• British car production could fall by 8% over five years if carmakers do not commit to making key models in the UK, according to AutoAnalysis
  • The average fertility rate in the EU is 1.6, well below the generally accepted level of 2.1 needed to sustain a population without immigration
  • The BOE said banks can use their existing regulatory licenses until the end of the Brexit transition period, the FT reports
  • British businesses want unrestricted access to European workers to continue after Brexit, according to a report by the Migration Advisory Committee
  • Bloomberg reports tensions between Germany and France over how to respond to proposed US tariffs on European steel and aluminium, with Germany apparently preferring a more conciliatory approach that would help German exporters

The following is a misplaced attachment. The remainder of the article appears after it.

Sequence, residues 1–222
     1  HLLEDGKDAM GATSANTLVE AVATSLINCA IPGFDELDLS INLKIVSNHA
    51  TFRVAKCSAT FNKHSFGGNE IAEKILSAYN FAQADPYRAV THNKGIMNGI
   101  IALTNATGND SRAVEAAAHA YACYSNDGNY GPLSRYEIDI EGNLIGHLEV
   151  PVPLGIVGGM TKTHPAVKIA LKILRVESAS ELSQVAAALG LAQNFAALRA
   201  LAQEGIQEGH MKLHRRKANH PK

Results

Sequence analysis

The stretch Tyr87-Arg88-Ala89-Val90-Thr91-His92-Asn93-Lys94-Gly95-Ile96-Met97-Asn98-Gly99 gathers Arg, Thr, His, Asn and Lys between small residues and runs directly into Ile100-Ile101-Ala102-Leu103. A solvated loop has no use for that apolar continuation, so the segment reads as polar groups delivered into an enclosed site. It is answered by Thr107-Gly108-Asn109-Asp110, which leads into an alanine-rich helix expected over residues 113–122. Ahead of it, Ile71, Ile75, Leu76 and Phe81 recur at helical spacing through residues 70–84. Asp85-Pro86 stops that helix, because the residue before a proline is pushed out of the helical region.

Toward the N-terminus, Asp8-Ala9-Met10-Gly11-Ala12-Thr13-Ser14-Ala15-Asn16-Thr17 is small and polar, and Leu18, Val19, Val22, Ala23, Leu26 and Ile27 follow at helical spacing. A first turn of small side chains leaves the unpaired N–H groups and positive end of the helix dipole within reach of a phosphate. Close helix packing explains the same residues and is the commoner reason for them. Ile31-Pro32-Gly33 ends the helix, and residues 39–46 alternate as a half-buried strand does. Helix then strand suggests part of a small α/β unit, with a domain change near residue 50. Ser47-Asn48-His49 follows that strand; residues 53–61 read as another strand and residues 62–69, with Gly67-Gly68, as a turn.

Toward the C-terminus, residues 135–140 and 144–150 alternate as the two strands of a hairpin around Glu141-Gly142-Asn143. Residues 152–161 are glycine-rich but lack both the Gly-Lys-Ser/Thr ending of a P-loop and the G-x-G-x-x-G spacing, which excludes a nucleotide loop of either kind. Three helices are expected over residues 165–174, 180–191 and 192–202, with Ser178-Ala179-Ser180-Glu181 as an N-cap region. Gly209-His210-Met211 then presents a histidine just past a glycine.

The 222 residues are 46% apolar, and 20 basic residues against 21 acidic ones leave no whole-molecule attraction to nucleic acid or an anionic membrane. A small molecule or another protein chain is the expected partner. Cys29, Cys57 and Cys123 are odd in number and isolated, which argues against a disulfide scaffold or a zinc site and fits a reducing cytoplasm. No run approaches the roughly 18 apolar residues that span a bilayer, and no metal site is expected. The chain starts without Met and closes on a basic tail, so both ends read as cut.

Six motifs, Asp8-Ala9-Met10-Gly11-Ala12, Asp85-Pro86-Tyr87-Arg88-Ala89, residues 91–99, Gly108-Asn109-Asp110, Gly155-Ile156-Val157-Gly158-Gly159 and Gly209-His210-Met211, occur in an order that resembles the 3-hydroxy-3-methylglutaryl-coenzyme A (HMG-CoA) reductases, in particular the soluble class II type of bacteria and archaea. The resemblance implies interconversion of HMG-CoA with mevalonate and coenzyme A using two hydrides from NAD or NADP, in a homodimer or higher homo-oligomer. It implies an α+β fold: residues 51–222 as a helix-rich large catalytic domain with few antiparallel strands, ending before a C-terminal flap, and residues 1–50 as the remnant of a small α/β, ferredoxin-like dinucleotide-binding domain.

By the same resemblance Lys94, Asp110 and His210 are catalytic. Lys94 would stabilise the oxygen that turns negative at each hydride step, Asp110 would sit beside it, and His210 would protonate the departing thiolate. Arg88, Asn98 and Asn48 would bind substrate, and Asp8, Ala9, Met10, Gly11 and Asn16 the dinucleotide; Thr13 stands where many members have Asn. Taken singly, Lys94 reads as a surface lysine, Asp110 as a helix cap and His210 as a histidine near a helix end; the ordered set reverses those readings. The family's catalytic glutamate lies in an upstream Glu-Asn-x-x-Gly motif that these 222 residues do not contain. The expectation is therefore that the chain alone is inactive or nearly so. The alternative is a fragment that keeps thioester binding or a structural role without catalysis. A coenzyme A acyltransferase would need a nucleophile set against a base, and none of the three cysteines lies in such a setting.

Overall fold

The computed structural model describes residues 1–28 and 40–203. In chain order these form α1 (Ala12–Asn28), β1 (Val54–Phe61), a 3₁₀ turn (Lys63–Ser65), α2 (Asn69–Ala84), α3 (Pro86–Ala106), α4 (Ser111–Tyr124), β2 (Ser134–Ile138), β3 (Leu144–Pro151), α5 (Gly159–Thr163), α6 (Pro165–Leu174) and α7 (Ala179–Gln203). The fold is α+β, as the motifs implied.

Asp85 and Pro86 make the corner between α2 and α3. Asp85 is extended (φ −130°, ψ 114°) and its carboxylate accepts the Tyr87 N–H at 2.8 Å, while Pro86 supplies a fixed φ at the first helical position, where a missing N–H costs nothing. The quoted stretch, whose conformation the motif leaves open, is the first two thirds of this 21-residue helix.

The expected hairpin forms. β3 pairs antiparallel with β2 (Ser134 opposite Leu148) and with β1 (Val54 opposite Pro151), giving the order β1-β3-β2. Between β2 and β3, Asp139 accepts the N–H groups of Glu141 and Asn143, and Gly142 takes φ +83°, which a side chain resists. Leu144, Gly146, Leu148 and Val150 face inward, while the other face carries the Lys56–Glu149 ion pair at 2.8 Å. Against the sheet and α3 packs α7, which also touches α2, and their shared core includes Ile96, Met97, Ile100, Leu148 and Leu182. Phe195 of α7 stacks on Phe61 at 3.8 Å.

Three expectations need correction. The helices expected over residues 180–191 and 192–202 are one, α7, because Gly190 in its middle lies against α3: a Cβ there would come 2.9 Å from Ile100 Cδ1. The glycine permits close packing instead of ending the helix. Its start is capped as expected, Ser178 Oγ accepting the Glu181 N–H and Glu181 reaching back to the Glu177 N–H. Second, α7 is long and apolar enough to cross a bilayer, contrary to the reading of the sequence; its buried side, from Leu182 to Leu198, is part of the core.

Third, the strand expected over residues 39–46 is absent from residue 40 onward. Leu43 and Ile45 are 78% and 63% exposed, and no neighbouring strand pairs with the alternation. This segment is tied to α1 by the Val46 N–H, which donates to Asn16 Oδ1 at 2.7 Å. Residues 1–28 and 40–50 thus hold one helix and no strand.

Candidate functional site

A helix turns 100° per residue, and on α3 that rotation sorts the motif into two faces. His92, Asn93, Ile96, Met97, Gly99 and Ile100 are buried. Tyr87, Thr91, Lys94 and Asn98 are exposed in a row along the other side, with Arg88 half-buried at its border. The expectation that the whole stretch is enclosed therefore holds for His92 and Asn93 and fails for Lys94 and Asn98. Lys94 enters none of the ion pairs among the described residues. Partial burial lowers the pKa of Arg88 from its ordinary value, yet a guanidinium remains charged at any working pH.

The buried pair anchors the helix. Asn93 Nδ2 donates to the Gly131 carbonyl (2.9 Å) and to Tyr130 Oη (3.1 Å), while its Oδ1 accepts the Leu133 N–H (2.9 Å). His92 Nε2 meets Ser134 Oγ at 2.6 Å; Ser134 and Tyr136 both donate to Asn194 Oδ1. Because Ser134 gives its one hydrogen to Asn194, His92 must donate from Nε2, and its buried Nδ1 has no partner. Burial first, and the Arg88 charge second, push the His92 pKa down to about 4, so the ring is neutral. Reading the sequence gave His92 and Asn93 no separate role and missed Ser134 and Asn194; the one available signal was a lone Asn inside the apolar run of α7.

• Estimates of the number of finance jobs set to move from the UK due to Brexit has fallen by half compared to six months ago, according to a Reuters survey of City firms
  • The European Investment Bank has approved a £120m fund aimed at businesses in the North East of England, the region with the highest unemployment nationally

And finally…

Euguene Ng, known as Dr Ark by his clients in Singapore, provides eyelifts for some of the world’s most expensive fishes which can sell for thousands of dollars. The doctor loosens the tissue behind the fish’s eye and pushes the eyeball further into the socket – cosmetic sturgeon